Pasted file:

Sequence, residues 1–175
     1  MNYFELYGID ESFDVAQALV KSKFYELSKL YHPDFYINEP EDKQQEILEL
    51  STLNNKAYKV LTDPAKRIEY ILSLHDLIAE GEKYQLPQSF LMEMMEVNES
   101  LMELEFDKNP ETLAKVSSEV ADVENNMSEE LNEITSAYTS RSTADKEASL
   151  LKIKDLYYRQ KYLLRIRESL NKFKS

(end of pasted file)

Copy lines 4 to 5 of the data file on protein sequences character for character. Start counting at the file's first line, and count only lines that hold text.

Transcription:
   101  LMELEFDKNP ETLAKVSSEV ADVENNMSEE LNEITSAYTS RSTADKEASL
   151  LKIKDLYYRQ KYLLRIRESL NKFKS